Tuesday, December 31, 2013

What do the historical Demand for Beef and my Junior Year (the first time) in High School have in common? Both dropped like a rock but one has recovered. Guess which one?

Well, I dropped out of school (for a time) and the bottom dropped out of the market for beef. Neither of us has recovered fully, but one has done better than the other. I will let you judge the winner.

I saw this graphic on meat consumption in the US since 1909 at a couple of different sites (NPR and Pricenomics).  The numbers on the vertical axis represent "US Meat Consumption, pounds per person".

Neither article pointed out the obvious: What happened in the mid to late 1970's with the consumption of beef to cause it to peak and start a rapid decline from its previous 30 year sharp ascent?

Source: NPR via Pricenomics
(NOTE:  I doctored the graphic a bit to isolate the period observed.  I inserted arrows to show the trajectory of consumption for each of the meat choices. The change in Beef (sharp decrease) just about equals the increase in Pork and Chicken (and to a much lesser extent Turkey) consumption).

I had to do a little searching but found an pretty good answer and it comes in three interesting parts, two which relate to two of the Determinants of Demand that economics students know so well: A change in Real Income and the Availability of Substitutes.  And one the reason a Demand Curve slopes downward: The Substitution Effect.
""Aggregate income in the United States, in 1972 dollars. went from $1122.4 billion in 1970 to $1480.7 billion in 1980 - a 32 percent increase. Personal income similarly increased over the period from $869.1 billion to $1209 billion. However, average real spendable weekly earnings peaked in 1972 at $97.11 and declined fairly consistently to $83.56 in 1980 - a decrease of 14 percent (fig. 1). In the critical period, 1976 to 1980, average real spendable earnings went from $91.42 to $83.56 - a 9 percent drop.""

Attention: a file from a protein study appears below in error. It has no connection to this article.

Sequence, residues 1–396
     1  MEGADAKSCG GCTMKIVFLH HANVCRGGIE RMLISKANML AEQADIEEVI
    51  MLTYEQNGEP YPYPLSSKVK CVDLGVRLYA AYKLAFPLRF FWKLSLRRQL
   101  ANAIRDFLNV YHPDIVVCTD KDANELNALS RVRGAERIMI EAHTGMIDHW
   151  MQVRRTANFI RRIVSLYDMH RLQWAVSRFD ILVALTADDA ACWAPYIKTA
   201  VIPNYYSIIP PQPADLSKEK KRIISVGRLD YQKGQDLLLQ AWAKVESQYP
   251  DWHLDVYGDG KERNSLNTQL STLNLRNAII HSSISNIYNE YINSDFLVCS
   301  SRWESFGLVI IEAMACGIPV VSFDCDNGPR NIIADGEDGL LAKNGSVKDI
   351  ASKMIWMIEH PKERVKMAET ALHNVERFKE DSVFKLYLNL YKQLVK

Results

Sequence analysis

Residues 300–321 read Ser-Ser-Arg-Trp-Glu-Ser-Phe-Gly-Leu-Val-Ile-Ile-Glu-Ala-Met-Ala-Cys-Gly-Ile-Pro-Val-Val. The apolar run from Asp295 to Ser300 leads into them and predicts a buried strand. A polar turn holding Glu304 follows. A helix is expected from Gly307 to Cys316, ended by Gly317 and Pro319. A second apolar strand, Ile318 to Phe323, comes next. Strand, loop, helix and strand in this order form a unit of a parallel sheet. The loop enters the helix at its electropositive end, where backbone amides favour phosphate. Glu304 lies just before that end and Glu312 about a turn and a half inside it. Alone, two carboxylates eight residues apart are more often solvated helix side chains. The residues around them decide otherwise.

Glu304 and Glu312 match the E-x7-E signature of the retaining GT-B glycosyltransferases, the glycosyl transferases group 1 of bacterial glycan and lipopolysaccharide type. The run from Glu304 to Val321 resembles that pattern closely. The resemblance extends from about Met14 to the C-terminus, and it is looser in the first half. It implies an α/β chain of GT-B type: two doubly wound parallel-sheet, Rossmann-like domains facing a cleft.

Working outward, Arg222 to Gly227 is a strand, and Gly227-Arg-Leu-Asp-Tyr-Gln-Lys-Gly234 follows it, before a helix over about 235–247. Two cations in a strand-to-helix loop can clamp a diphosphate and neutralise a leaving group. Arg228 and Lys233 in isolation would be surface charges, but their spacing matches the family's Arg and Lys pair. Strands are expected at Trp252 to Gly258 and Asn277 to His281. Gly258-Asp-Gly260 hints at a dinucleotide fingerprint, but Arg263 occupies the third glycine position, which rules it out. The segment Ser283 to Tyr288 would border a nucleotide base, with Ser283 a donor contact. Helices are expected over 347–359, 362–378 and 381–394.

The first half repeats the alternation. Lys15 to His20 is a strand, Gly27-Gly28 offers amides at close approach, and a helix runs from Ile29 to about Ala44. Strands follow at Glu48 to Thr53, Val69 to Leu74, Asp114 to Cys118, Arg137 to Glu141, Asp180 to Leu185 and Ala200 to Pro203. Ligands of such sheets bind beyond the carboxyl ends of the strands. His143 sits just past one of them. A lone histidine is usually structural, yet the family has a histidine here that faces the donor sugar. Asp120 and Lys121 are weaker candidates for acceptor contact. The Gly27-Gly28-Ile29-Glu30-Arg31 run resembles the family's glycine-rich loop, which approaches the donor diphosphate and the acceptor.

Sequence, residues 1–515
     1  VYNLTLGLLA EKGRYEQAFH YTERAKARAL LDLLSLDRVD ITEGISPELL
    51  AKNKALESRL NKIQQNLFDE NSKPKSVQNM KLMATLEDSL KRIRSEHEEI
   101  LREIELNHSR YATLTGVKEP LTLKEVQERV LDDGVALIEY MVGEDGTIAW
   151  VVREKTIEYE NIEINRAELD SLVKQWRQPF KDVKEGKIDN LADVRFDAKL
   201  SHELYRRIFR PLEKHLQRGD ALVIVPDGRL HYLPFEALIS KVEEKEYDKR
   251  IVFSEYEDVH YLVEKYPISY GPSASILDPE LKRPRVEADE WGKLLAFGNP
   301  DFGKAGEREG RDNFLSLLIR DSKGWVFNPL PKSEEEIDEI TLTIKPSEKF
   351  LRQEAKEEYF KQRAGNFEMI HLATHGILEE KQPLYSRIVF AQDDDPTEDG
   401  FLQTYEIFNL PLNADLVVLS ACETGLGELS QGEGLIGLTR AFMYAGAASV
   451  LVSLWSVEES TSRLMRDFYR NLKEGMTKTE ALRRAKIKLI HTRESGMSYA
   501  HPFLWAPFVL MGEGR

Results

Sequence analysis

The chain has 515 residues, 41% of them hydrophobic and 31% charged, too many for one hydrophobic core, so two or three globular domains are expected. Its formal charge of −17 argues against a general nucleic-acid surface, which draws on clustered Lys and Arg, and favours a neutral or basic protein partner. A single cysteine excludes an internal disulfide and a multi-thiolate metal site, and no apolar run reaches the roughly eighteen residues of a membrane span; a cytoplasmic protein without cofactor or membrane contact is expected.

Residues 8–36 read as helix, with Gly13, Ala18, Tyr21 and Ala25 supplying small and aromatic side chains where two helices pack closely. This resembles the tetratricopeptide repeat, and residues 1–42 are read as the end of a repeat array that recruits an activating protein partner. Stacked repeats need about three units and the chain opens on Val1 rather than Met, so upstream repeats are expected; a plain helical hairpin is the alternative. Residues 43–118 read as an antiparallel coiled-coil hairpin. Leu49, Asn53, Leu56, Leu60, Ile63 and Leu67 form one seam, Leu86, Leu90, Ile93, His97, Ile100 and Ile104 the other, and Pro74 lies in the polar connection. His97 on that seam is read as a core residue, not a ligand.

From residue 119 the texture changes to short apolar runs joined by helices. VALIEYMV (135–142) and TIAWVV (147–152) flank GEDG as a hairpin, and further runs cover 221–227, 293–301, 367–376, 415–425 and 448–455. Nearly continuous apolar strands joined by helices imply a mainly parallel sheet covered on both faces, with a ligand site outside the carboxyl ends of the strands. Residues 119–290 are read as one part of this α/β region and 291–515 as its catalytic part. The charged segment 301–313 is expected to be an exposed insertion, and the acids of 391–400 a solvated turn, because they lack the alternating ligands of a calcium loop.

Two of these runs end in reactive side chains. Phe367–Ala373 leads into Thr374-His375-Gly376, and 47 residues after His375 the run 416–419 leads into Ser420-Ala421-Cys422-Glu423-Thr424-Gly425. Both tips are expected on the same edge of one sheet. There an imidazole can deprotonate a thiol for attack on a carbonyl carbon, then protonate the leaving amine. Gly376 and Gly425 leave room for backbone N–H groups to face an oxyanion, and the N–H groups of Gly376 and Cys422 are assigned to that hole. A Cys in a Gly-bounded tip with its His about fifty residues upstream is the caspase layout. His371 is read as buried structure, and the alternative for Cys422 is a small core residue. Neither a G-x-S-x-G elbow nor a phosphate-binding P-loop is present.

Real Income in a relatively short period of time took a pretty good hit. If income decreases and the quantity demanded for a good decreases, regardless of the price, then DEMAND is said to decrease (Demand Curve shifts to the LEFT). This was the first ding to the market for beef.

The second came on the pricing side of beef relative to the price of chicken and pork:
""Divergence between the beef price index and the chicken price index was not great between 1973 and 1977 (fig. 2). Subsequently, however, the beef price index increased at a fairly steep rate, reaching 270.3 by 1980 compared with 190.8 for chicken - a gap of 79.5 points. Between 1975 and 1980, the price index for chicken increased by 17.5 percent, the beef index by 59 percent.''
 ""Beef prices began to increase at a noticeable rate in 1977, and by 1980, the beef price index was 61 points higher than that of pork (fig. 2).""
Source: HERE
Because of the availability of the protein substitutes Chicken and/or Pork, when the price of beef increased then the quantity demanded for Chicken and Pork products INCREASED at the given price(s) in their respective markets (the Demand Curves for Chicken and Pork shifted to the RIGHT). 

Lastly, notice in Figure 2 that the prices of chicken and pork products did increase as a result BUT not relative to beef products.  Because of the relative price difference, there was a Substitution EFFECT in the market for beef---as the price of beef increased, the quantity demanded for beef decreased (moved ALONG the demand curve.

So, there was a confluence of events that help explain the "Beef Cliff" in 1977:  Lower real incomes and higher beef prices at the same time.

A medium-rare slice of the malaise of the mid to late 70's.  Or as I called it "My High School Years".  :)

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